4 Theorem implies that we can control the capacity of DDAGs by enlarging their margin. Note that, in some situations, this bound may be pessimistic: the DDAG partitions the input space into polytopic regions, each of which is mapped to a leaf node and assigned to a specific class. Intuitively, the only margins that should matter are the ones relative to the boundaries of the cell where a given training point is assigned, whereas the bound in Theorem depends on all the margins in the graph. By the above observations, we would expect that a DDAG whose node margins are large would be accurate at identifying class, even when other nodes do not have large margins. Theorem substantiates this by showing that the appropriate bound depends only on the node margins, but first we introduce the notation, µ È Ü Ü in class and Ü is misclassified by ) orü is misclassified as class by. Theorem Suppose we are able to correctly distinguish class from the other classes in a random Ñsample with a DDAG over classes containing Ã decision nodes with margins at node, then with probability ½, µ ½ ¼Ê¾ Ñ ¼ ÐÓ Ñµ ÐÓ Ñµ ÐÓ ¾ ¾Ñµ ½ where ¼ ¾nodes ½, and Ê is the radius of a ball containing the support of the ¾ distribution. Proof : follows exactly Lemma and Theorem, but is omitted.¾ The DAGSVM algorithm Based on the previous analysis, we propose a new algorithm, called the Directed Acyclic Graph SVM (DAGSVM) algorithm, which combines the results of v SVMs. We will show that this combination method is efficient to train and evaluate. The analysis of Section indicates that maximizing the margin of all of the nodes in a DDAG will minimize a bound on the generalization error. This bound is also independent of input dimensionality. Therefore, we will create a DDAG whose nodes are maximum margin classifiers over a kernelinduced feature space. Such a DDAG is obtained by training each node only on the subset of training points labeled by or. The final class decision is derived by using the DDAG architecture, described in Section. The DAGSVM separates the individual classes with large margin. It is safe to discard the losing class at each v decision because, for the hard margin case, all of the examples of the losing class are far away from the decision surface (see Figure (b)). For the DAGSVM, the choice of the class order in the list (or DDAG) is arbitrary. The experiments in Section 5 simply use a list of classes in the natural numerical (or alphabetical) order. Limited experimentation with reordering the list did not yield significant changes in accuracy performance. The DAGSVM algorithm is superior to other multiclass SVM algorithms in both training and evaluation time. Empirically, SVM training is observed to scale superlinearly with the training set size Ñ [7], according to a power law: Ì Ñ, where ¾ for algorithms based on the decomposition method, with some proportionality constant. For the standard vr multiclass SVM training algorithm, the entire training set is used to create all classifiers. Hence the training time for vr is Ì ½ Ú Ö Ñ () Assuming that the classes have the same number of examples, training each v SVM only requires ¾Ñ training examples. Thus, training Ã v SVMs would require ¾ ½ ¾ Ñ () ½µ Ì ½ Ú ½ ¾ ¾Ñ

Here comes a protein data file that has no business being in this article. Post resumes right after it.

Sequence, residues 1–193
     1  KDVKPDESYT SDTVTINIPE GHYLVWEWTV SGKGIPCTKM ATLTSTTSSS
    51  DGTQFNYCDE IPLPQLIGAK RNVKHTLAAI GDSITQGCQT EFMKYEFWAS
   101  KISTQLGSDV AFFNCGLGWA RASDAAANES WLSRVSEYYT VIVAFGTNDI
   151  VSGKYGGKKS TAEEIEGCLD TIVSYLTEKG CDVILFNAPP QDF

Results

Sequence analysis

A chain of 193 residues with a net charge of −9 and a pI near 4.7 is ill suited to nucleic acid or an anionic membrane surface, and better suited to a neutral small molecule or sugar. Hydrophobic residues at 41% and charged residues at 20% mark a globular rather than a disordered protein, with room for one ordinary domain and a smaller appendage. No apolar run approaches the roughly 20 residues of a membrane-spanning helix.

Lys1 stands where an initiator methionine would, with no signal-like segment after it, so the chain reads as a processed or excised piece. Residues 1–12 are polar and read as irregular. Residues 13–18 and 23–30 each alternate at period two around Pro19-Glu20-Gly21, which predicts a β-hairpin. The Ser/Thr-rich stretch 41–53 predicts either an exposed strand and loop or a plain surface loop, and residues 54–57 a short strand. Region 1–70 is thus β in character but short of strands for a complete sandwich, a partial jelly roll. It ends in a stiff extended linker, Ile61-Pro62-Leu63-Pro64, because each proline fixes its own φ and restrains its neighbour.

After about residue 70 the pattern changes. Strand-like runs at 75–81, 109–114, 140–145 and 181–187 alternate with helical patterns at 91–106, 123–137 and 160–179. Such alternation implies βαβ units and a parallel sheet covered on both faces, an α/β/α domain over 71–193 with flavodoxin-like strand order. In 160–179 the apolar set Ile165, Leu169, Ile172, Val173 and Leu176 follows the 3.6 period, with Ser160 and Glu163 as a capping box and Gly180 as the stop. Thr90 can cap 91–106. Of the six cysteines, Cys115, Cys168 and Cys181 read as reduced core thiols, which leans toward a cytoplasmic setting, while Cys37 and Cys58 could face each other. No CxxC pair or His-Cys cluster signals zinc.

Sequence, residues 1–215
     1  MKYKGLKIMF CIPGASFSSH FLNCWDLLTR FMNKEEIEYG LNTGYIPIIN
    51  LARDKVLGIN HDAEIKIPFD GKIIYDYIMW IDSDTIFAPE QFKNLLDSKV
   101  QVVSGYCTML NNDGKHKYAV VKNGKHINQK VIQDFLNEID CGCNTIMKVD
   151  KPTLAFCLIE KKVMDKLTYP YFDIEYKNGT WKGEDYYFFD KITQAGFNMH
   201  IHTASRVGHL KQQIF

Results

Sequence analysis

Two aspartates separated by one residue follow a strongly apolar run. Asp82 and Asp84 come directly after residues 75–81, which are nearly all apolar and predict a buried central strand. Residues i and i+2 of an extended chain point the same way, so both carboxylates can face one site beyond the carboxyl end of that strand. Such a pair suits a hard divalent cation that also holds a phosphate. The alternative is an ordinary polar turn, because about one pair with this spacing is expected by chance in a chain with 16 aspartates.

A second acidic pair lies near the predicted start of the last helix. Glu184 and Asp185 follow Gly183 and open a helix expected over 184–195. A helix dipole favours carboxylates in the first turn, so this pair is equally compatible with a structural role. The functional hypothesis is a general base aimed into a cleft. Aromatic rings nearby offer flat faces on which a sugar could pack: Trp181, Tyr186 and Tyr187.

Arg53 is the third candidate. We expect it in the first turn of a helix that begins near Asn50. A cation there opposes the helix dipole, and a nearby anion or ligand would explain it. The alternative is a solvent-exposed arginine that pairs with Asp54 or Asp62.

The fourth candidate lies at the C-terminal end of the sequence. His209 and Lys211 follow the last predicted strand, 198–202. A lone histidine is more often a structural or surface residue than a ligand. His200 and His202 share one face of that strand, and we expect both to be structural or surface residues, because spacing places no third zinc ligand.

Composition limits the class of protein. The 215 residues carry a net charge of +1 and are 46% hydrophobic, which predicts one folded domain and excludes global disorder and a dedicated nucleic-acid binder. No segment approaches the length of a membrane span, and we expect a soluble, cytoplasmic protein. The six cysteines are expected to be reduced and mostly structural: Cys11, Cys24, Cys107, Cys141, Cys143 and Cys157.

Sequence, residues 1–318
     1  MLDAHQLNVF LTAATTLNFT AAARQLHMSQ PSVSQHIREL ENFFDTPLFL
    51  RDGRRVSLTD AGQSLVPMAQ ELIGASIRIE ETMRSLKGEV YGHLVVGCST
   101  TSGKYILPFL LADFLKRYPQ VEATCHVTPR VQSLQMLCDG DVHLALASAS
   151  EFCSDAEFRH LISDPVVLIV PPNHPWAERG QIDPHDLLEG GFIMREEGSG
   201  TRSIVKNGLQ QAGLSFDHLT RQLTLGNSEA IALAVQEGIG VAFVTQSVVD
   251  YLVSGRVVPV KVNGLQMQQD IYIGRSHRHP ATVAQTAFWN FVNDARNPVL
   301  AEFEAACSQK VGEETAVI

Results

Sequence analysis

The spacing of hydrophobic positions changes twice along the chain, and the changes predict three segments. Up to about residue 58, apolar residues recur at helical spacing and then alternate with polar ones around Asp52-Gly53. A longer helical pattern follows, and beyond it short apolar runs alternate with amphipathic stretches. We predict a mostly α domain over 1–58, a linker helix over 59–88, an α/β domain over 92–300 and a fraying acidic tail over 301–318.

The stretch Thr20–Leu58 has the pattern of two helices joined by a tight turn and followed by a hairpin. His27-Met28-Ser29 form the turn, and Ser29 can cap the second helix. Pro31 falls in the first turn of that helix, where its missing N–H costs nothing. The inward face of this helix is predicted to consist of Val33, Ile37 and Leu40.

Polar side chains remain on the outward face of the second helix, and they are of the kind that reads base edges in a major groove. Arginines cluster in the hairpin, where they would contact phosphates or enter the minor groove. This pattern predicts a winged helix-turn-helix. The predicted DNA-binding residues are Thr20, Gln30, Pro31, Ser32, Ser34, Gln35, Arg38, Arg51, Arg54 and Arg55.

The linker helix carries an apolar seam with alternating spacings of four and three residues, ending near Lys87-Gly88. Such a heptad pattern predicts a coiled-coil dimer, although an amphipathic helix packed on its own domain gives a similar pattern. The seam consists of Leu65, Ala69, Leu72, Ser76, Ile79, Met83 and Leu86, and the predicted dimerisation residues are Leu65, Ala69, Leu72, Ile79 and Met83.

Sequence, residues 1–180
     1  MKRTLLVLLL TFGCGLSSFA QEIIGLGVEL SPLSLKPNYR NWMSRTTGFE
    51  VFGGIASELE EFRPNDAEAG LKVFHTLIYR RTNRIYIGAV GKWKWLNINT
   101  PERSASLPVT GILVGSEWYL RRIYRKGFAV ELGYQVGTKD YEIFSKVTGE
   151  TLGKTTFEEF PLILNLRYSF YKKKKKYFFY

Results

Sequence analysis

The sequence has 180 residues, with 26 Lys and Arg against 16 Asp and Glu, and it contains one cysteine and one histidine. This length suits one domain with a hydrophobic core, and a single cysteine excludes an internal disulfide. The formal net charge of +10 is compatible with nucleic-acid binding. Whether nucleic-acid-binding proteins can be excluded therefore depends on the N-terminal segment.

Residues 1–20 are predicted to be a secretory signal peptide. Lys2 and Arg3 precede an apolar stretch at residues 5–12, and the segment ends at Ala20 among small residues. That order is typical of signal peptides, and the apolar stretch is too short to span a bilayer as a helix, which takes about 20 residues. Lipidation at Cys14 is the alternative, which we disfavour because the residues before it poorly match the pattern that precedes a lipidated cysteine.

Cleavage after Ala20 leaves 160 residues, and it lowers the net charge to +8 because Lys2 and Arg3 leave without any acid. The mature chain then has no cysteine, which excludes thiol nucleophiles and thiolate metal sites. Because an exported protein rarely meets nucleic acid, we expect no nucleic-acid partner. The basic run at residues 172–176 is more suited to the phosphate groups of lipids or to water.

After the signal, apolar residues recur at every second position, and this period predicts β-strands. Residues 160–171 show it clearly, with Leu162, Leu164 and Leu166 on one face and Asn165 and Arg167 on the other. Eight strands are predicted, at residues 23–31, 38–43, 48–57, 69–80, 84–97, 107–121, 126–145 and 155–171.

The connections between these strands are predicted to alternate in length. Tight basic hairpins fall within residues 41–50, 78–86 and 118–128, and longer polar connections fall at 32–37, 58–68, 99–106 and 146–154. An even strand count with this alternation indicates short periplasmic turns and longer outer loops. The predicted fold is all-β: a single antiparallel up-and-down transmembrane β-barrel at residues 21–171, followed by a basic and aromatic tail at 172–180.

5 For a typical case, where ¾, the amount of time required to train all of the v SVMs is independent of, and is only twice that of training a single vr SVM. Using v SVMs with a combination algorithm is thus preferred for training time. 5 Empirical Comparisons and Conclusions The DAGSVM algorithm was evaluated on three different test sets: the USPS handwritten digit data set [0], the UCI Letter data set [], and the UCI Covertype data set []. The USPS digit data consists of 0 classes (09), whose inputs are pixels of a scaled input image. There are 79 training examples and 007 test examples. The UCI Letter data consists of 6 classes (AZ), whose inputs are measured statistics of printed font glyphs. We used the first 6000 examples for training, and the last 000 for testing. All inputs of the UCI Letter data set were scaled to lie in ½ ½. The UCI Covertype data consists of 7 classes of trees, where the inputs are terrain features. There are 0 training examples and test examples. All of the continuous inputs for Covertype were scaled to have zero mean and unit variance. Discrete inputs were represented as a ofn code. On each data set, we trained vr SVMs and Ã v SVMs, using SMO [7], with soft margins. We combined the v SVMs both with the Max Wins algorithm and with DAGSVM. The choice of kernel and of the regularizing parameter was determined via performance on a validation set. The validation performance was measured by training on 70% of the training set and testing the combination algorithm on 0% of the training set (except for Covertype, where the UCI validation set was used). The best kernel was selected from a set of polynomial kernels (from degree through 6), both homogeneous and inhomogeneous; and Gaussian kernels, with various. The Gaussian kernel was always found to be best. Error Kernel Training CPU Classifier Size Rate (%) Evaluations Time (sec) (Kparameters) USPS vr Max Wins DAGSVM Neural Net [0] 5.9 UCI Letter vr Max Wins DAGSVM Neural Net. UCI Covertype vr Max Wins DAGSVM Neural Net [] 0 Table : Experimental Results Table shows the results of the experiments. The optimal parameters for all three multiclass SVM algorithms are very similar for both data sets. Also, the error rates are similar for all three algorithms for both data sets. Neither vr nor Max Wins is statistically significantly better than DAGSVM using McNemar s test [] at a 0.05 significance level for USPS or UCI Letter. For UCI Covertype, Max Wins is slightly better than either of the other SVMbased algorithms. The results for a neural network trained on the same data sets are shown for a baseline accuracy comparison. The three algorithms distinguish themselves in training time, evaluation time, and classifier size. The number of kernel evaluations is a good indication of evaluation time. For v